What your bank should be doing to protect you from ID theft.
A person we know suddenly learned he was a debit-card identity theft victim -- while his debit card was locked in a bank safe deposit box.
He immediately informed his debit-card issuer, a major bank, but the branch rep said there was nothing she could do. We directed him quickly to an identity theft hotline, buried on his bank's Web site.
Such a slow response by your bank could lead you to suffer a greater financial loss if an identity thief targets you. So it could pay when you open your bank account to find out exactly what steps your bank takes to curb identity theft.
Javelin Strategy & Research, Pleasanton, Cal., notes that the mean consumer cost of identity theft has increased to $691 in 2008 from $554 in 2007. It cites more sophisticated criminal fraud techniques -- particularly in new accounts fraud.
Warning: Some 12% of major banks lack a zero-liability policy for debit cards that require access via a personal identification number or PIN, according to Javelin Strategy. So learn how your bank protects against identity theft, particularly before opening a PIN-accessed debit card.
Fortunately, federal law limits your losses on a lost or stolen credit card to $50. You also have some protection for debit cards -- provided that you promptly notify your bank.
Nevertheless, losses when your identity is stolen, according to Javelin's 2008 Identity Fraud Survey Report, can escalate the longer the fraud goes undetected. Victims who detected the fraud within one day spent an average of $428. But those who took up to five months lost three times as much -- $1,207, its report says.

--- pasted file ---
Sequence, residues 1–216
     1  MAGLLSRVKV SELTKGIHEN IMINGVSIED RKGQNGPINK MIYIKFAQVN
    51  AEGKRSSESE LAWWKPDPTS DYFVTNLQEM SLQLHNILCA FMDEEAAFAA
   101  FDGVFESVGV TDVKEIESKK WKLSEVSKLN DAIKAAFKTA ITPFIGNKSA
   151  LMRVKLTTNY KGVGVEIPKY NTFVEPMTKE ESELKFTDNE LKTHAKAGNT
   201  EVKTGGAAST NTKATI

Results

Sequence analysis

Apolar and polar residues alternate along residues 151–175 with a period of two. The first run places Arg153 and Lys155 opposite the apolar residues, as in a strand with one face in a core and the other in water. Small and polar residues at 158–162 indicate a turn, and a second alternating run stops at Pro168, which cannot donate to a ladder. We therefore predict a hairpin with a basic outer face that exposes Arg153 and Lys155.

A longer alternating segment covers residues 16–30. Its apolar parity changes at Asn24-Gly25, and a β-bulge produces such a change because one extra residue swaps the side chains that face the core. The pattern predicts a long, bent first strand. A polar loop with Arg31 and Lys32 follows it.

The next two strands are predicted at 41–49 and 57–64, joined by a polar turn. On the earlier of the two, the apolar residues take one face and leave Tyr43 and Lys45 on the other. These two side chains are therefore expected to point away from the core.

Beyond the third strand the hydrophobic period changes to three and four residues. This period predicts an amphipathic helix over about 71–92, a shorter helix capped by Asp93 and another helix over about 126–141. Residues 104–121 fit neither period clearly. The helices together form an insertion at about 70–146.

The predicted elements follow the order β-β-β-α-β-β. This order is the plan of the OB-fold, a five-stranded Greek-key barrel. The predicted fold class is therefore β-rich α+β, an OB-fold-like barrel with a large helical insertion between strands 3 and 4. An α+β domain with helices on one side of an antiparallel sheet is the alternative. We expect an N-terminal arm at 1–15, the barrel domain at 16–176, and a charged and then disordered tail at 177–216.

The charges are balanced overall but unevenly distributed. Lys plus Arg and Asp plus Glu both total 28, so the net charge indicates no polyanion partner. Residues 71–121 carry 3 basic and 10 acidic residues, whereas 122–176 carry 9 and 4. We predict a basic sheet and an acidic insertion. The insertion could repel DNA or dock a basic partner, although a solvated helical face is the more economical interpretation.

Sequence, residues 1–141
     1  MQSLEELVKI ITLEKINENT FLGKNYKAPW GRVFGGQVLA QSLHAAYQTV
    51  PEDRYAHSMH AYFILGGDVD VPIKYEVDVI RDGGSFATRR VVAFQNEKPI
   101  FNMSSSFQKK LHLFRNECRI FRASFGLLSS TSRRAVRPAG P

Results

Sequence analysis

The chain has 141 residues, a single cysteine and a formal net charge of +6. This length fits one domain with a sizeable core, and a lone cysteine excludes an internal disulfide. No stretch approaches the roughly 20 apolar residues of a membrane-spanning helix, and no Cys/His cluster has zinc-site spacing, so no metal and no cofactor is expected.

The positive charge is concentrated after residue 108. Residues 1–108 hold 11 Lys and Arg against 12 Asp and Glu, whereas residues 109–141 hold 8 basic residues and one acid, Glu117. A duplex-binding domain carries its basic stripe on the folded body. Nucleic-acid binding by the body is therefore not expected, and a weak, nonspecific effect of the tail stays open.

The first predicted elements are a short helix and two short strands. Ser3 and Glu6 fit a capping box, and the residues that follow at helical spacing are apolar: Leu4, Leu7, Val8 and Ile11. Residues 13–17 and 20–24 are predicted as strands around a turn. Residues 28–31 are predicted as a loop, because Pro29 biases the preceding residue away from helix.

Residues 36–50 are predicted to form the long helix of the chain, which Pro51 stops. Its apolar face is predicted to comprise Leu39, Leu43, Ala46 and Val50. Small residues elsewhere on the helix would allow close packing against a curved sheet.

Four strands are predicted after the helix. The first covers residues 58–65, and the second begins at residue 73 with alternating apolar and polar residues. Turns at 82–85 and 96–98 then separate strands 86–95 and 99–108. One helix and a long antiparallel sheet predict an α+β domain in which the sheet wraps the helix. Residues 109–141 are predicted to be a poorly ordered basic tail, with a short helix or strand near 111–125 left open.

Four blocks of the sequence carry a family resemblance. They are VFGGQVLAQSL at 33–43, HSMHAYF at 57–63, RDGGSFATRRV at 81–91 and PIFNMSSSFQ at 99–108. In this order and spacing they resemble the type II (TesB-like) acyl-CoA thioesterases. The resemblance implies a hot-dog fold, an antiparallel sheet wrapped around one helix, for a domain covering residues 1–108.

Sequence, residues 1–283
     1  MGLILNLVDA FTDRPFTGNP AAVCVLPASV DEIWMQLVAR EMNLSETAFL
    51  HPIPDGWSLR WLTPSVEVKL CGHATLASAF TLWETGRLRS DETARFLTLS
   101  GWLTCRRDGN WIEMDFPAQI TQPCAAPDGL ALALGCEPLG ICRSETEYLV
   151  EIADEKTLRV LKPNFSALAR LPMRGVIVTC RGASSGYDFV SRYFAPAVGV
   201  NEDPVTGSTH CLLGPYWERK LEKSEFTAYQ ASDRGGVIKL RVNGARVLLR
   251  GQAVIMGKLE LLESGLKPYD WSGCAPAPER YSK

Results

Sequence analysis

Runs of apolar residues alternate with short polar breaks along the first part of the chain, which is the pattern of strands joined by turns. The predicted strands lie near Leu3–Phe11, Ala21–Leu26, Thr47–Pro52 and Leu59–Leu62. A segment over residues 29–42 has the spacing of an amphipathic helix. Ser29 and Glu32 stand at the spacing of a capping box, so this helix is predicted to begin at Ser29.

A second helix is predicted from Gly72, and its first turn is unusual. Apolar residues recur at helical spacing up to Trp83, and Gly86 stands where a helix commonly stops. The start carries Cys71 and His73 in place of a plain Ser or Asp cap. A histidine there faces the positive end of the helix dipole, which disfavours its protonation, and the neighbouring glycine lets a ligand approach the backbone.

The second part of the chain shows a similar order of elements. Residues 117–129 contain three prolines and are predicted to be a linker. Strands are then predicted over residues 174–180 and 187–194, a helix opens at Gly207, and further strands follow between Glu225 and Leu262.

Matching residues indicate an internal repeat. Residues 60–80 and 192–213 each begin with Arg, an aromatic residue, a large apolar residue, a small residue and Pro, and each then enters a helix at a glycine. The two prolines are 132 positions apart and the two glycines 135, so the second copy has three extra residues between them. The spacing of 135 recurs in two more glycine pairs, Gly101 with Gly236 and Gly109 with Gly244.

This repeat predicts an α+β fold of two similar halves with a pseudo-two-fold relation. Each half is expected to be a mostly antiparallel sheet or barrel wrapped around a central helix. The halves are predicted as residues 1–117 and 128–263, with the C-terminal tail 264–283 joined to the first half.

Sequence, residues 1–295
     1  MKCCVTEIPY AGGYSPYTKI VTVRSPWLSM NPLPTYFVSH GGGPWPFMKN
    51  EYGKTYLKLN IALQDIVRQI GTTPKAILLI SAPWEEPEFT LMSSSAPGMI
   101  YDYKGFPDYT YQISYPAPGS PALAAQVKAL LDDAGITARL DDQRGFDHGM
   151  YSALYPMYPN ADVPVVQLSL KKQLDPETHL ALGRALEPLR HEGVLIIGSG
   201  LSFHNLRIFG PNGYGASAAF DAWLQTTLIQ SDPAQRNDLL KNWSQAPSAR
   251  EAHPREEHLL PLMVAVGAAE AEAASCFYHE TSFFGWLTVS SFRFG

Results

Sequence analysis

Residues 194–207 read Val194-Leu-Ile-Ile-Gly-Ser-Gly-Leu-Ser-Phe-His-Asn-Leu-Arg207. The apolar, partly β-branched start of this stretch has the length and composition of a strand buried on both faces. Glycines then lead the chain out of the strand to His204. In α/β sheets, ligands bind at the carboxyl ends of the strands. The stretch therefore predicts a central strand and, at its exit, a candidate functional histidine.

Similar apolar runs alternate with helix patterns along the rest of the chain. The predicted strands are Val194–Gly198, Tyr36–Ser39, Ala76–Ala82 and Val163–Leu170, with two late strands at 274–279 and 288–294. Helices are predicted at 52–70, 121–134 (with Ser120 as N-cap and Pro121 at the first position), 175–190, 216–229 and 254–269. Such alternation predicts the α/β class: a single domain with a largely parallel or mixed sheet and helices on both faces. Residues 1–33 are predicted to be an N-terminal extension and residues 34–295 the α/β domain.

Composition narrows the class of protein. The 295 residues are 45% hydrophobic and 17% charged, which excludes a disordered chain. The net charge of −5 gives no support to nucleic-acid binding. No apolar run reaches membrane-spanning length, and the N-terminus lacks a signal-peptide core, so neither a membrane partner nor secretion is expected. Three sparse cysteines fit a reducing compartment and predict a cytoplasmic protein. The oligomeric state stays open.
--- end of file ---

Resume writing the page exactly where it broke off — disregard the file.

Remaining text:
Your bank can take precautions
There are certain things your bank can do to nip an identity theft in the bud. It could pay to make sure your bank takes certain precautions, advocated in the Javelin Strategy survey:
Provides you with the ability to create restrictions -- either online, by phone or in-branch -- on particular transactions. Don't think you'll ever conduct any wire transfers outside the United States? Bank only with institutions that let you limit those transactions.
Eliminates distribution of your personal information and limits use of your Social Security number to the last four digits.
Offers to email or text message you if there's ever a change of personal information, including a change of address, addition of a cardholder or unusually low balance on your account.
Has a centralized fraud resolution department.
Lets you quickly freeze your account.
Requires at least two ways to confirm your identity both by telephone and online banking.
Regularly educates employees on how to properly secure sensitive information.
Regularly examines employees for insider collusion.
Encrypts your personal identification numbers, passwords, Social Security numbers and other private data.
Uses no hyperlinks in emails. This way, you can determine which emails don't come from your bank.
Meanwhile, Javelin Strategy reports increased theft via mail order or telephone order purchases. It cites a newer tactic, "Vishing," or using the Internet to place phone calls. Internet-placed calls are tougher to trace.
Bottom line: Never provide personal information -- even over the telephone. If you get a communication from your bank, call only the telephone number you already have -- not the one in the communication.